Additionally, because the metaverse’s technology is decentralised, it is able to accomplish what would have taken years or even decades with other technologies in terms of representation and accessibility. Those who do not have access to the metaverse may stand to gain the most from it, making this a necessity.

For example, imagine how a first-generation college student would benefit from a virtual university classroom experience. Think about how much a rural hospital’s doctors and nurses could benefit from cutting-edge medical training if they were immersed in it. We must now consider these possibilities in light of today’s global challenges in education. As our youth and the labour force struggle to meet the demands of a rapidly changing global economy, academic programmes are struggling to keep up.

Students in high school who have access to immersive learning technologies, such as those offered by SAP and Jobs for the Future (JFF), may be better prepared to land a job after graduation, according to this program’s hypothesis. This program’s initial implementation showed that over 85% of students felt more comfortable speaking with others after completing immersive learning experiences. Eighty-five percent of participants said the programme helped them improve their ability to express themselves verbally. In addition, 90% of students admitted that after completing a lesson, they went back to check their answers to see where they could improve. According to their programme summary, immersive learning content is effective and should be made available to as many students as possible.

Our ability to learn subject matter at a faster rate thanks to this type of engagement gives the metaverse learning content impacts we’d only imagined.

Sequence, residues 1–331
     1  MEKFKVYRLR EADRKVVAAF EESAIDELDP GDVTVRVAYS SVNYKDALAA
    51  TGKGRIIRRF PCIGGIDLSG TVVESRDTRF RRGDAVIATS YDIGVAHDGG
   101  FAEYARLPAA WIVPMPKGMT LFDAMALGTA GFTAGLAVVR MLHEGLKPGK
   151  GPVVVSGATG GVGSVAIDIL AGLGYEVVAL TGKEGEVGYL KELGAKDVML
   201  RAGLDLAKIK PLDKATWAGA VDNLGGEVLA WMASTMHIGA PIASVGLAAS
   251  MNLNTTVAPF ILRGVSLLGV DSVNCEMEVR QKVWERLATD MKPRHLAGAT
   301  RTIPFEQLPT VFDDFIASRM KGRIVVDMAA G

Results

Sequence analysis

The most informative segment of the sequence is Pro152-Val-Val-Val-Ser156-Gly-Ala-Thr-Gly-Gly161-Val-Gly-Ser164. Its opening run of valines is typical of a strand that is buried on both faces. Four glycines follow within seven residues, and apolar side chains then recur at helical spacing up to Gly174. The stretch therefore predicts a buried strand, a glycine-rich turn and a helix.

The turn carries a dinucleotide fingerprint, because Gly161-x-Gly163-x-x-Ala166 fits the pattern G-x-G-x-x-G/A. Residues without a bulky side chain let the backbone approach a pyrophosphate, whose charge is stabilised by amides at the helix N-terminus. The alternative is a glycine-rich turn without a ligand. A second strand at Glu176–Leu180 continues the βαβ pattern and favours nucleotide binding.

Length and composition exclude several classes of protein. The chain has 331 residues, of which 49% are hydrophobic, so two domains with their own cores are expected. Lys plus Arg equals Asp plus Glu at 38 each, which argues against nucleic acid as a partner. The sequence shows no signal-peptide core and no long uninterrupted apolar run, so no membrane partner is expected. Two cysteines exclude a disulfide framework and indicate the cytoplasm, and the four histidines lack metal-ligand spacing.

My iPhone serves as a constant reminder of how much time I spend in front of a screen on a daily basis. I am a microcosm of the increasingly digital lives that people today lead, having spent countless hours on video conferences and sending emails. My kids, on the other hand, are constantly juggling schoolwork, homework, the school’s website, social media, texting, FaceTime, and video games. The amount of time we spend online is steadily increasing, but what if these interactions were more productive?

The metaverse, as opposed to email and other forms of internet communication, is capable of accurately simulating or conveying human interactions. Make no mistake about it: The emotional realism and sense of presence make all the difference. The fact that they are spatially oriented lends them a sense of familiarity and realism. For example, a virtual conference call does not allow for facial expressions or body language to be accurately conveyed. There are also physical and digital barriers that are put up as a result of this. My colleagues’ avatars could be seen gesturing and speaking to me in a virtual or augmented reality meeting, so I could get the same sense of co-presence as if we were meeting face-to-face. All of us benefit from having a deeper understanding of one another’s thoughts and feelings.

We may also benefit from more personal digital interactions by becoming more deliberate in our offline lives. Immersive collaboration and learning will allow us to reclaim some of our lost time. We’ll be able to reclaim time in our days, time we can use to reconnect with the real world and the people who inhabit it. Using the metaverse, we can counterbalance the negative effects of digitization, allowing us to feel more human and connected while online, as well as make the time we spend away from technology more enjoyable.

I’m aware that some people think the metaverse is just the latest buzzword or tech jargon. But I think it deserves the attention it has received recently because it represents an enormous opportunity, a gateway to a brighter future for the people of the United States. It’s up to us to open the door and use the metaverse in an equitable and responsible way.

By Adam